blades or turbine intakes, causing serious damage.
means that the distance a landing point is located from
Shallow water, less than 18 inches deep and with a
a tree is ten times the height of the tree.
firm bottom, can be used as a landing site.
Example: A helicopter landing or taking off near
a 30-foot tree needs at least 300 feet of horizontal
When the wind at ground level exceeds 10 knots,
the helicopter must land into the wind.
Obstacles on the ground, such as stumps or rocks,
LANDING SITE DIMENSIONS
should not exceed 1 foot in height on level ground and
Landing site dimensions vary, depending on the
should be less on sloping ground.
number of landing points required. For each landing
point, a fuselage safe circle is cleared of all obstacles,
such as stumps, rocks, or bushes. Clear a rotor safe
Ground slope has a considerable effect on
circle of all obstacles that could obstruct the rotor
selecting a landing site or landing point within the LZ.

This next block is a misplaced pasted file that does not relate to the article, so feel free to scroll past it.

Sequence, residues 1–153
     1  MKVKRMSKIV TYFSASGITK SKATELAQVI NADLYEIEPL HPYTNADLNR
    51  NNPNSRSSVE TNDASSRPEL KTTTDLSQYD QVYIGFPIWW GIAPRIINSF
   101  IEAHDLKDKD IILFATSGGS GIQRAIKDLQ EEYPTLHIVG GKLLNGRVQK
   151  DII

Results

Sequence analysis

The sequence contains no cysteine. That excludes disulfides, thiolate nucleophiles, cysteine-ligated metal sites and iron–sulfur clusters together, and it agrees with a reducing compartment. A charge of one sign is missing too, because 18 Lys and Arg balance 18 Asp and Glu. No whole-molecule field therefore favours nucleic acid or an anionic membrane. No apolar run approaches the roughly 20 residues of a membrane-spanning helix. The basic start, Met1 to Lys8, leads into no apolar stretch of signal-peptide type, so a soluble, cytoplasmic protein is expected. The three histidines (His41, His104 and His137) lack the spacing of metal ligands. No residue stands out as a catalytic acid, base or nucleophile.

A helicopter cannot land safely in locations where the
When there is to be more than one landing point
ground slopes more than 14 degrees. When pilots land
within the landing site, separate the landing points so
on a slope, they prefer to land uphill because of the
the helicopters can simultaneously land safely in the
tail down attitude of the helicopter.
landing site. Use figure 3-4 as a guide in selecting the
appropriate size landing zone.
Mud, excessive dust, and loose debris are
MARKING THE LANDING ZONE
considered undesirable surface conditions for
helicopters. Mud causes a helicopter to become
Once you have established the LZ, the landing
sites, and the landing points, you need to direct the
bogged down. Excessive dust reduces visibility and
helicopter to the location of the LZ. The proper
compromises the location of the site. Loose debris is
marking of the LZ will aid the pilot in locating it.
dangerous because they are sucked up into the rotor
Figure 3-2.--Horizontal clearance.
Figure 3-3.--Landing point dimensions.